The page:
Just because I produced X + Y doesn't mean that P shouldn't be busy on his own producing Q + R. You see I was assuming that without property rights I would produce X and P would do his own thing and produce Q. Our total production would be lower because we would spend a disproportionate time fighting over not only the base resources but also our product.

So the true situation with property rights is:
I have 1/2T plus X + Y, P has 1/2T plus Q + R.
Without property rights we are missing the extra production of Y and R.

Note that none of this requires absolute utility, utility ranking, or utility comparison of any kind. Nor are we trying to maximize overall utility. The agreement wasn't that if we work together you get a cut of my production. The agreement is if you leave me alone then I will leave you alone.

Here's a concrete example. P and I are on a island full of coconut trees. In the past without property rights both P and I would spend a lot of time waiting for the other guy to climb up a tree and knock down a coconut. At which point we would steal the other guys efforts. This leads to lots of squabbling and wasted time. Instead of going up the tree and knocking several down you have to go up and knock one down then race down the tree to claim it before the other guy P (or anyone else) snaps them up. That's if we're stupid about things and don't recognize property rights. If instead we both respect each others ownership of our own production then things go smoothly. Each of us does the minimal amount of climbing and fighting.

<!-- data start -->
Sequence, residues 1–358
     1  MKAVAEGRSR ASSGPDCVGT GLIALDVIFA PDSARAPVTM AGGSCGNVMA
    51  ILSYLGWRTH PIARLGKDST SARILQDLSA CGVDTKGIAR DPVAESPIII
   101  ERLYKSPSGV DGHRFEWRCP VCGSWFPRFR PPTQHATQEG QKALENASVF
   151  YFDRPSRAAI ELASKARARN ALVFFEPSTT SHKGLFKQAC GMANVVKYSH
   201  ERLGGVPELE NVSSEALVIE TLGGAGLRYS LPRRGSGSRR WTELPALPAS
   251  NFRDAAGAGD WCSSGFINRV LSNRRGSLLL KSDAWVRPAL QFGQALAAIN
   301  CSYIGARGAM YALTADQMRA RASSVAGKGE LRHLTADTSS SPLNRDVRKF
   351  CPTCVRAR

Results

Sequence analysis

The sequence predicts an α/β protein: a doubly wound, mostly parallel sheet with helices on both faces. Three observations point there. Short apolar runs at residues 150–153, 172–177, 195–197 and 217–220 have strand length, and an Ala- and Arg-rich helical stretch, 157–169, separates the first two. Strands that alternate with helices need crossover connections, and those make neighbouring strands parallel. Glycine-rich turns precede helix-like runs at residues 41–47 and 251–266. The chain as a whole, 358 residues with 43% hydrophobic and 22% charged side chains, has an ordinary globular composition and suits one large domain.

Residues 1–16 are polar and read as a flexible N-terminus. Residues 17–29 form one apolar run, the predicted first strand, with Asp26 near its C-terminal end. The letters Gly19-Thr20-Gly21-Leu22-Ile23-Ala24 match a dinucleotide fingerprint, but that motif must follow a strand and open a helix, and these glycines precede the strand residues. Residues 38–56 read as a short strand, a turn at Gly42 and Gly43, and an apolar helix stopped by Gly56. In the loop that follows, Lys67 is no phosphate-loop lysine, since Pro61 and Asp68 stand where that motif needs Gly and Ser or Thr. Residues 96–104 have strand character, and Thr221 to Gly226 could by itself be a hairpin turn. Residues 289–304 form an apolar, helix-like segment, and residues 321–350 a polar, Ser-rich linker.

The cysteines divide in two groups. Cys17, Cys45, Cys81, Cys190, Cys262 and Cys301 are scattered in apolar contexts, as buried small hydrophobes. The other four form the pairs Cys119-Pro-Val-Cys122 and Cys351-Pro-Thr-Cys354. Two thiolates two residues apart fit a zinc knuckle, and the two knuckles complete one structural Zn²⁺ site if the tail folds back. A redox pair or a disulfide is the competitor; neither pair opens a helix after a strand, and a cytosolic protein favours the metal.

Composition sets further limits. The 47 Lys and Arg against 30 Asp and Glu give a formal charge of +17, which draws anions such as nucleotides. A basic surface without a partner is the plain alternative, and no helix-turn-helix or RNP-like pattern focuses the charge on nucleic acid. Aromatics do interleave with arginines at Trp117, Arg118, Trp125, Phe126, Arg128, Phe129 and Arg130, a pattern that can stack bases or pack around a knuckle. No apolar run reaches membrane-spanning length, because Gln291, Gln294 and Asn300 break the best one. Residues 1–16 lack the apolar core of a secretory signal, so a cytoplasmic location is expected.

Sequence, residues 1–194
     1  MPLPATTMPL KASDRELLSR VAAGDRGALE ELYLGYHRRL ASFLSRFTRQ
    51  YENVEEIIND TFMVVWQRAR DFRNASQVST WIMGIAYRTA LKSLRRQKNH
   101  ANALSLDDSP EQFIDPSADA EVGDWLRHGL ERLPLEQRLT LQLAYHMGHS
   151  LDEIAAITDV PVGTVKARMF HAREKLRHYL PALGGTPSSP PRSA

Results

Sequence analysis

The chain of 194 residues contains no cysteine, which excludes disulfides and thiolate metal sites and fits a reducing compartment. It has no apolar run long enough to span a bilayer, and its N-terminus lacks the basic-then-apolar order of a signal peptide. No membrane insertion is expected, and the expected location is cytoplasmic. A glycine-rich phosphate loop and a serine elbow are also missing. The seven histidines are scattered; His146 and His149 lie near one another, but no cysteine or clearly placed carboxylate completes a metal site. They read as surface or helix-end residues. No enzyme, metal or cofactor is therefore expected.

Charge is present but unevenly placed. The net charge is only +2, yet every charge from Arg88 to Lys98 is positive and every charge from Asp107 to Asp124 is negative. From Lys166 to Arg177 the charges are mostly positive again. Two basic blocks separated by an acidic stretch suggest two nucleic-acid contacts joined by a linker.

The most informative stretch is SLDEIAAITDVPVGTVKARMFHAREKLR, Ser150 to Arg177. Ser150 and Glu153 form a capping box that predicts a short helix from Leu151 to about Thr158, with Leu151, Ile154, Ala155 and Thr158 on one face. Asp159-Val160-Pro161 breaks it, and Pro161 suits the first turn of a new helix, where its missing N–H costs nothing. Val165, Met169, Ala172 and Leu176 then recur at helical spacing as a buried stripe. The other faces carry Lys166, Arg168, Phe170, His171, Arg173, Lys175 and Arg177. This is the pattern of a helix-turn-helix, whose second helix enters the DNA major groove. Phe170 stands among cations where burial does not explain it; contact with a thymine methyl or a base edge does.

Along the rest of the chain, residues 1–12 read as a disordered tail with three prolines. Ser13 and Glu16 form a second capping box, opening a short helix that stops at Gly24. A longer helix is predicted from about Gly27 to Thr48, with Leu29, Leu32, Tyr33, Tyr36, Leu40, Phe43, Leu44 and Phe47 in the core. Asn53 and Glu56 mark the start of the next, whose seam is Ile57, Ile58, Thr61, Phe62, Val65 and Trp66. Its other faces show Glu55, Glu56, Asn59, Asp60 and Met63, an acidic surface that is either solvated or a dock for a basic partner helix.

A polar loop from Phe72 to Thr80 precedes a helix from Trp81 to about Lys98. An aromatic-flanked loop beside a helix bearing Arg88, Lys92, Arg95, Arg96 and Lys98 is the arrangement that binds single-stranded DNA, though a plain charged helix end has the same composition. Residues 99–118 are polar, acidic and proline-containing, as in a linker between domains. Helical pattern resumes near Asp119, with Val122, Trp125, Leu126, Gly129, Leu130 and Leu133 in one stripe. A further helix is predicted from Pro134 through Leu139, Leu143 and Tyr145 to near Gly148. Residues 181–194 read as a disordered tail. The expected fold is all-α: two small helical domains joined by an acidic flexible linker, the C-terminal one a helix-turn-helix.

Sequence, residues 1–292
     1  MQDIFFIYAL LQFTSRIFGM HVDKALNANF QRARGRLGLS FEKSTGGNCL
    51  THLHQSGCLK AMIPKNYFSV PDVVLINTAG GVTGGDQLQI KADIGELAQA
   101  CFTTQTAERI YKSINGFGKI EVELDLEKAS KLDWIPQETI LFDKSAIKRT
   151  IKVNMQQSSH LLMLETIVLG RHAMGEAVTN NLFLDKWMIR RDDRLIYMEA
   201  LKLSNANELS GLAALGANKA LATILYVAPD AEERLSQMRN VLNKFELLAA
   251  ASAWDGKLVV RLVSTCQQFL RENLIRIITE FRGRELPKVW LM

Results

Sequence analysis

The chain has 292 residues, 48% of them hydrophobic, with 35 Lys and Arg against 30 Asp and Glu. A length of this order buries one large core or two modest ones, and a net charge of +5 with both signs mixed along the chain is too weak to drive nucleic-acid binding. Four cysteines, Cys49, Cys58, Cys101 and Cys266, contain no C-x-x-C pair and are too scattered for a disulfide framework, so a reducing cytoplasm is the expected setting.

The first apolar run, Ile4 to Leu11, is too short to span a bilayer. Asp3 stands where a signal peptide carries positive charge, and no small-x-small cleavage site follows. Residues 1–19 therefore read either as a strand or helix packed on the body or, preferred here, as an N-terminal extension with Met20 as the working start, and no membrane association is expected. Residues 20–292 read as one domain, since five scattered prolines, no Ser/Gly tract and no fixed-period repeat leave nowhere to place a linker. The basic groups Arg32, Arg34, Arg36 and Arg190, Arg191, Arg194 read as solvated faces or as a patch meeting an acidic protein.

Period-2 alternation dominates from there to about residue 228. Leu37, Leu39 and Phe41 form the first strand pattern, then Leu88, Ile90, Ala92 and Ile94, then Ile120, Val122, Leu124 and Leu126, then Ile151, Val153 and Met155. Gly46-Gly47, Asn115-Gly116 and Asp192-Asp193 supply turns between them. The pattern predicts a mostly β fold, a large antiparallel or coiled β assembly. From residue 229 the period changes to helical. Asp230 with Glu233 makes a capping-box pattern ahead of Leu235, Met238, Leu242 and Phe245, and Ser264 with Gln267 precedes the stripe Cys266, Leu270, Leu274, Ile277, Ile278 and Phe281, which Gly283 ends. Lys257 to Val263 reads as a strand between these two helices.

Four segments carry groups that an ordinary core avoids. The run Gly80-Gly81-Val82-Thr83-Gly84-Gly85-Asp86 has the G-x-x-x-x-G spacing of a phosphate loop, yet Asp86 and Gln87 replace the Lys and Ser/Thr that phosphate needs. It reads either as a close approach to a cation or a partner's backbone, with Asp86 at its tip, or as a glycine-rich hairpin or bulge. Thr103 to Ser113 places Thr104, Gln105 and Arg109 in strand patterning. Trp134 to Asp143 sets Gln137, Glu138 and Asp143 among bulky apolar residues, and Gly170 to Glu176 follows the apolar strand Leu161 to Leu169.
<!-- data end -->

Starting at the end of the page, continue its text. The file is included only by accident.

This is not the natural state anyway. Most animals have territories and we are after all animals. There are reasons they do this. The state of nature is not everyone sharing in perfect communist harmony until that first greed capitalilst comes along. The state of nature already consists of claims to property and exclusion from that property. So it is more likely that we would already have ownership over separate coconut groves.